Of Books and Boundaries


For as long as I can remember, books have been my companions. I carried them to grocery stores, to doctors’ offices, to school, and to work. I toted tomes to movie theaters, to beaches, to park benches, and to parties. I never go anywhere without them. As a young girl, I remember reading while walking with my mother through the aisles of the local grocery store, my mom telling me to put the book away before I ran into someone: “Watch where you’re going, Missy!” I would read in the car until motion sickness forced my book closed. Once, I had a book taken from me in my math class when the teacher discovered it secreted in the crease of the open textbook I was supposed to be reading. (Never did like math much…)

In college, I carted my books in toto up the hill to the classroom building, rather than returning to my room between classes to make exchanges. My back arched with the weight of my pack as I trundled across campus to the library. Studying with Adam once, he pulled a text from my bag and remarked over its condition: “This book looks like it got jammed in a paper folder! What have you done to it?!” He refuses to share his books with me to this day, which is fair.

My books are used. In spite of that day in second grade when the librarian taught us to read with clean hands and always turn pages from the upper corner, I bend back covers and crease pages. I read in bed. I prefer soft covers to hard because they better conform to my position as I read. I talk with my print paper friends over a cup of tea; stained pages recall our chats. I am comfortable with my books.

Recently, I had a young mom over to discuss homeschooling and mothering. The subject of children’s books came up, of course, and I led her downstairs to my laundry room, where necessity had forced us to install another bookcase to house the overflow from our library. We crouched in the piles of laundry by the bottom shelf as I pulled titles for her to take home to her kids. “Do you know this one? They’d love this! You haven’t heard of Spier? Oh, well you have to take this one too!” I filled up a grocery bag with books, in all conditions, while she protested it was too much: “But they’re yours! What if my kids damage them?” To which I replied, “Have you seen them?” I think she was surprised by the haphazard piles and worn pages, some without covers. I was the book lady; how did my stash look so disastrous?

I’ve read that you can learn a lot about people from their libraries. That’s why many choose the titles they display in their living rooms to reflect taste, refinement, and intellect. Curating their collection is like crafting their persona – who do they want to be? If you could see my library, I’m afraid that, like my friend, you may be disappointed. It doesn’t look like Blackwells. Instead, it looks like that hole-in-the-wall, used bookstore you just can’t walk past. It invites you in to browse. Not everything there is great. Some are real finds and others misses, but you never leave without something tucked under your arm. Available, affordable, and unpretentious, they invite purchase; so, you fill up your grocery bag with opportunities and head home to explore, hoping you’ve found some new friends – maybe even family.

That’s what books are about – familiarity, family, friends. In my library, I struggle to keep my favorite titles because I just keep giving them away. Like friends I just can’t wait to share with others, I bring them home again and again, even if I already have a copy. I know that they’ll find homes eventually. When I bump into them out in my travels, these books are like landmarks that give me my bearings. They make the world seem smaller, more manageable, and less frightening. “Do not remove the ancient landmarks,” the proverbist enjoins. Did you ever think of why?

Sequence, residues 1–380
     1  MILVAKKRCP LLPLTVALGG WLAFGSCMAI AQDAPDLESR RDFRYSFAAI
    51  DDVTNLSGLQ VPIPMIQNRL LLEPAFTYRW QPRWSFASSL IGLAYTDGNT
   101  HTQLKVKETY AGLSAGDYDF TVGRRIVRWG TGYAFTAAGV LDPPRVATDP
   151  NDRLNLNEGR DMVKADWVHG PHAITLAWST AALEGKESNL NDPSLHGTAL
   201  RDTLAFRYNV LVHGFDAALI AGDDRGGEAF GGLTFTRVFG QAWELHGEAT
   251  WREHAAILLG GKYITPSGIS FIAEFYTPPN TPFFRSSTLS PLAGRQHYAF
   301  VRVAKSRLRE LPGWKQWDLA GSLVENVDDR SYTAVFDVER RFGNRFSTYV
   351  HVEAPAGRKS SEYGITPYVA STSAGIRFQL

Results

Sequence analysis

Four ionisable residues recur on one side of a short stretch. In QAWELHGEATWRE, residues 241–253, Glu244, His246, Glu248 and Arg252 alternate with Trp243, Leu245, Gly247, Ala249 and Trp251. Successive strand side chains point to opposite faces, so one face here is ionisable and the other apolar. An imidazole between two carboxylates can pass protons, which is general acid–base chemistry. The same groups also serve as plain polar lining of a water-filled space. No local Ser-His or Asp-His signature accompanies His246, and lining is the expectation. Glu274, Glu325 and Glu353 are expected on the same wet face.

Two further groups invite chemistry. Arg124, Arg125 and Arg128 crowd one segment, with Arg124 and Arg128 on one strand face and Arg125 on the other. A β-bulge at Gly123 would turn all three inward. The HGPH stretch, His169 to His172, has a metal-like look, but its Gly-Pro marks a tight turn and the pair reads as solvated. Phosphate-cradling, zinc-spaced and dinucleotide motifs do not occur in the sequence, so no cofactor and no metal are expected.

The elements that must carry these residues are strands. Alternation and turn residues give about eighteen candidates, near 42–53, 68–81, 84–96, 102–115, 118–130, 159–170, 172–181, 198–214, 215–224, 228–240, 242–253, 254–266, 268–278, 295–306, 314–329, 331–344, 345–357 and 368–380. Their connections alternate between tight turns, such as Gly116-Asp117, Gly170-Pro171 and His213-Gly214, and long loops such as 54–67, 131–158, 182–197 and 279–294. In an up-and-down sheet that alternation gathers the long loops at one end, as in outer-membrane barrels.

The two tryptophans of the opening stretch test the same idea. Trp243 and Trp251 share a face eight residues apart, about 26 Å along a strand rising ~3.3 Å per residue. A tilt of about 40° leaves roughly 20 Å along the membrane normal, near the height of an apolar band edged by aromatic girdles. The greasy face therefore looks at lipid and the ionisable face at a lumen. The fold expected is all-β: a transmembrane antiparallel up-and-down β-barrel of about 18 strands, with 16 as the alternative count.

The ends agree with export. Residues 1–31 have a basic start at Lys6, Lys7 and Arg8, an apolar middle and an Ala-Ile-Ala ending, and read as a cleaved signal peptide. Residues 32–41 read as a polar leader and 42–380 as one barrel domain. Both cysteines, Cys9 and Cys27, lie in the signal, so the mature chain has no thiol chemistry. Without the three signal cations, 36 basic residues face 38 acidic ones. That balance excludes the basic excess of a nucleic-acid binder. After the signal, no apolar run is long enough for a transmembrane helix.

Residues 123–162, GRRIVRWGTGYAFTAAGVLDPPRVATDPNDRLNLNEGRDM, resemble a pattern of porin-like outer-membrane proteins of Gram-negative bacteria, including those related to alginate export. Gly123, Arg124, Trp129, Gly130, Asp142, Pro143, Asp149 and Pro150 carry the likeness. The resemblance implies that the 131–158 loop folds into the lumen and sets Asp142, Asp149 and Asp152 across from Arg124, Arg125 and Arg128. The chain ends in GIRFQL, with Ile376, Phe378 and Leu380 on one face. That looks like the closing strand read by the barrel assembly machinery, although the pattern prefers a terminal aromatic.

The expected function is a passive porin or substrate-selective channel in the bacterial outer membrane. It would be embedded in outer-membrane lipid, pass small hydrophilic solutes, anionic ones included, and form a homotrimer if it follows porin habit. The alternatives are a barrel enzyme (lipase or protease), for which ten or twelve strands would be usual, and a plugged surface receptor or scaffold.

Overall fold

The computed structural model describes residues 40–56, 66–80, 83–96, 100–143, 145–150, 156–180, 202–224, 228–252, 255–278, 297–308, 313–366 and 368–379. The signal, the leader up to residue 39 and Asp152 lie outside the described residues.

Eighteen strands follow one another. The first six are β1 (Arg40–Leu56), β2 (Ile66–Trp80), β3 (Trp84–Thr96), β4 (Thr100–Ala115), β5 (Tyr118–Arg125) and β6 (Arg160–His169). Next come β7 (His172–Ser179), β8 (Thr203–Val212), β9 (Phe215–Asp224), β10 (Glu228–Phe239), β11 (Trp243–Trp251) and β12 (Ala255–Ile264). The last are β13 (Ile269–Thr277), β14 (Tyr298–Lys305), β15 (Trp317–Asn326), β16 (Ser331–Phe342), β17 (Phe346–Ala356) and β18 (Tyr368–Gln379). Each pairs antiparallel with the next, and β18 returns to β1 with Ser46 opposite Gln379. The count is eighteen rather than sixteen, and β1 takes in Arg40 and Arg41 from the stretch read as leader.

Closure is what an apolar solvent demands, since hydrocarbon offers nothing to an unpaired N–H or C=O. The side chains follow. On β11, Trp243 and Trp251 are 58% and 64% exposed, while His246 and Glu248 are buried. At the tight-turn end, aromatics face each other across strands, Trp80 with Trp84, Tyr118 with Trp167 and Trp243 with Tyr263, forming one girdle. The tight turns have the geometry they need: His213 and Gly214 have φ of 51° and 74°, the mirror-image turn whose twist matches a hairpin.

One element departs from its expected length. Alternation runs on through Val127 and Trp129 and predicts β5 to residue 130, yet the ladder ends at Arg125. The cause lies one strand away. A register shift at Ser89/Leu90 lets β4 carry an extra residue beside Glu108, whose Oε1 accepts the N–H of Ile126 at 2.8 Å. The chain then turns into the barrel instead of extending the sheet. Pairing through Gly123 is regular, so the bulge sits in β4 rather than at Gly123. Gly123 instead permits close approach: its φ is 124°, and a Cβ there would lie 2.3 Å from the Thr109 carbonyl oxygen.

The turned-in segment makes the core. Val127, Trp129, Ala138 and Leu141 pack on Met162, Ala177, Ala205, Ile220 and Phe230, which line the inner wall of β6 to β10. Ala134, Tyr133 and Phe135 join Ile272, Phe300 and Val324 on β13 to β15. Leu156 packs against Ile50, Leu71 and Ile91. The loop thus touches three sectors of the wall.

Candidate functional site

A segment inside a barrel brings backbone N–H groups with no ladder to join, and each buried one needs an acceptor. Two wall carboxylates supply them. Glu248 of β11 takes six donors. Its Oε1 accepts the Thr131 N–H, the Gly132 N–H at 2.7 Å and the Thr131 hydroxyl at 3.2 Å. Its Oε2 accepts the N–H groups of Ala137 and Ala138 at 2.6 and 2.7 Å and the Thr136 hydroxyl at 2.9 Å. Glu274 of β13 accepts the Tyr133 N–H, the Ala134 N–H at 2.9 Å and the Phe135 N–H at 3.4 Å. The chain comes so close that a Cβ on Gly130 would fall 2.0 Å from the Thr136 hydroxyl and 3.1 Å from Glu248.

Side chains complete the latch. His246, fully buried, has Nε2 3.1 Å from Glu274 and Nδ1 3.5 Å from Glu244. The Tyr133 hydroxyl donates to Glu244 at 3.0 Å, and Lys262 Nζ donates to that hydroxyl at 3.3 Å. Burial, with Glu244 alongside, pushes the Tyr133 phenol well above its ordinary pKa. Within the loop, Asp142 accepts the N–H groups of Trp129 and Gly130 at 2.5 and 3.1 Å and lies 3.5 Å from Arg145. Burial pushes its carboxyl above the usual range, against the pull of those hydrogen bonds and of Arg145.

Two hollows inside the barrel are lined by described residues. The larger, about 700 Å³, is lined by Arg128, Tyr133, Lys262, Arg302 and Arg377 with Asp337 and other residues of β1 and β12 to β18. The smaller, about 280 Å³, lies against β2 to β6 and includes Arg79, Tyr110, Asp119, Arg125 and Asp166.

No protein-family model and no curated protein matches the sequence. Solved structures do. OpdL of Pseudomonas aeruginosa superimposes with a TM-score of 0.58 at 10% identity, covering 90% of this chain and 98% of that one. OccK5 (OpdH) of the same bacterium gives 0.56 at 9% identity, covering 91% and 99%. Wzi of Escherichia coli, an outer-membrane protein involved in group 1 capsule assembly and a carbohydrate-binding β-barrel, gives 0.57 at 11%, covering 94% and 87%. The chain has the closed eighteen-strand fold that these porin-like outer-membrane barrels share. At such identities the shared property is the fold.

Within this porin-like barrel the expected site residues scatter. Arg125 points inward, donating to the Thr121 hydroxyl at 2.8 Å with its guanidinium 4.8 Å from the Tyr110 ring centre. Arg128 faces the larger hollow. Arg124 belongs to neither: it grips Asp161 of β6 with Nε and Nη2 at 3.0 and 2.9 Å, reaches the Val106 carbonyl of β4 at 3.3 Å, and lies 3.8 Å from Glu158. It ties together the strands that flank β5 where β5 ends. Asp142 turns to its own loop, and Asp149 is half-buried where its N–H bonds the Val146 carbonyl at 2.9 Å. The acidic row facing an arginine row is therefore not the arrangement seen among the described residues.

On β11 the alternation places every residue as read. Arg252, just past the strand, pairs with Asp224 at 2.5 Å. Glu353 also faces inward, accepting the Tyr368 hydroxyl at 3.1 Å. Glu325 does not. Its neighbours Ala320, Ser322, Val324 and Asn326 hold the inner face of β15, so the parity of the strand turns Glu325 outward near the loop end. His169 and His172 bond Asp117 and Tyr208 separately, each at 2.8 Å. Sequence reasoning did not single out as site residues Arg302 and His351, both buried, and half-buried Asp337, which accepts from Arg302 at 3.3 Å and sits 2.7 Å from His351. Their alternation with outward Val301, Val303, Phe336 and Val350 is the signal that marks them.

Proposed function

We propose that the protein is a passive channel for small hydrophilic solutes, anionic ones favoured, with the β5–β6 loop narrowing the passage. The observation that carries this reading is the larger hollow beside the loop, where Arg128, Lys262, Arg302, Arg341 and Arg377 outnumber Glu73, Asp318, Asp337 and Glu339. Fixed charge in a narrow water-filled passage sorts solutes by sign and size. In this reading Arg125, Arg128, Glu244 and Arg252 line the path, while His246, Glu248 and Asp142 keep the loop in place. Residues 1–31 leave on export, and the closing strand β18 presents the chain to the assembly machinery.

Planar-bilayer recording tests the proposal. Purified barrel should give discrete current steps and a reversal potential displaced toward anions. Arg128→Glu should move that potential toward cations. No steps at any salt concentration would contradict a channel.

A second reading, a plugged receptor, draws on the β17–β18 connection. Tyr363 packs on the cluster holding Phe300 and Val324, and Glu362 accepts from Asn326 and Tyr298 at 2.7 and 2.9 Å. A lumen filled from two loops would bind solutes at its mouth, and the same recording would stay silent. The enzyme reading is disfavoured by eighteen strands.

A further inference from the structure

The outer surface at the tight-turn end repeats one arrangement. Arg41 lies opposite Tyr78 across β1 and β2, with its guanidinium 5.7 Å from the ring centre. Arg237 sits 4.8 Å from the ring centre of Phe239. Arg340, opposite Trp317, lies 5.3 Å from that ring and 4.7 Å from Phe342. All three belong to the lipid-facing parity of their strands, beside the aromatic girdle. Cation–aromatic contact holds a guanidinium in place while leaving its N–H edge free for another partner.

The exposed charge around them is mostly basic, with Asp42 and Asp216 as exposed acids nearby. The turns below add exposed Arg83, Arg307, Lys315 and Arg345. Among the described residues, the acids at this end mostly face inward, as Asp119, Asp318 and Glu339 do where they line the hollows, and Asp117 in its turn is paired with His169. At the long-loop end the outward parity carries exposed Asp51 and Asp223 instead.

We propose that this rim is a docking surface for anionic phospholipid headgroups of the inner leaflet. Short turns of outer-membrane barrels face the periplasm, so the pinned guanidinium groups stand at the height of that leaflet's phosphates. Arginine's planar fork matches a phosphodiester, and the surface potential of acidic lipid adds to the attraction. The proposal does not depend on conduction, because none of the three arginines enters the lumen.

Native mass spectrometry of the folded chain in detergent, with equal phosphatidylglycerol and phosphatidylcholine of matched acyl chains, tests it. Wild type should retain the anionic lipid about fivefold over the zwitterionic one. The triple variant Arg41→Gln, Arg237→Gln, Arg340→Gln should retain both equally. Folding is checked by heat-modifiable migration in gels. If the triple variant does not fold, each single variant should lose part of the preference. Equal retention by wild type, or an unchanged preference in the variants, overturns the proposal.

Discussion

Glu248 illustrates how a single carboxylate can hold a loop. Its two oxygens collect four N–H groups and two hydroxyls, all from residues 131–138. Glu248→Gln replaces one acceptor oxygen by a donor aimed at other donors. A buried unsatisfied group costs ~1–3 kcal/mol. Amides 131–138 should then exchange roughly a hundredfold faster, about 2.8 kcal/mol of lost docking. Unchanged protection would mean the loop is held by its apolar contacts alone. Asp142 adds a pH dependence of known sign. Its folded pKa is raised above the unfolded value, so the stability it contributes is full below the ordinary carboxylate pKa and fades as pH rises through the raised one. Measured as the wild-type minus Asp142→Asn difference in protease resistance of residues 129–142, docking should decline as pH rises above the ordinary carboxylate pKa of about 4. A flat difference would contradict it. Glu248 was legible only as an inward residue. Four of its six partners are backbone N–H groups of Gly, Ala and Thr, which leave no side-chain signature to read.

Imagine a world without landmarks. I recently had opportunity to visit a neighborhood my family left when I was only eight. It took a long time for me to get my bearings and find my places. Everything looked unfamiliar — strange, small, and colorless — until I found my old house. Then, tracing the paths I wore smooth as a child, the world grew friendly again. Samantha’s house, just across the street. Sonja’s place ten houses down. (It seemed farther then.) The park a stone’s throw from my door with honeysuckle abloom on the chain link fence. I picked one, and its sweetness welcomed me home. These landmarks illuminated that place with color and personality, making it, not just any neighborhood, but mine.

Likewise, books have become landmarks of my imagination: the house at Pooh Corner, Rebecca’s Sunnybrook Farm, that place near Ratty’s riverbank where the wind blows through the willows, the Lone Islands of Narnia where the Seven Lost Lords fell, and beyond them – the Wide World. Their presence, like boundaries, sketch out the shape of the invisible world of ideas that surrounds me; their authors, personalities that shape the Conversation. Their mere presence upon a table invokes home, and the ideas inside their pages turn on the lights, chase away the shadows, and make the whole world mine.

As we begin this new academic year, I’d like to invite you into my library, which, I suppose, is as good as inviting you into my family. Bring your children and come discover with us the boundaries of the imagination. Together we’ll survey the ancient landmarks and map the conversations that shape our world. Let’s make sure our children have a compass for their journeys, good friends to make their way easy, and a light for their paths.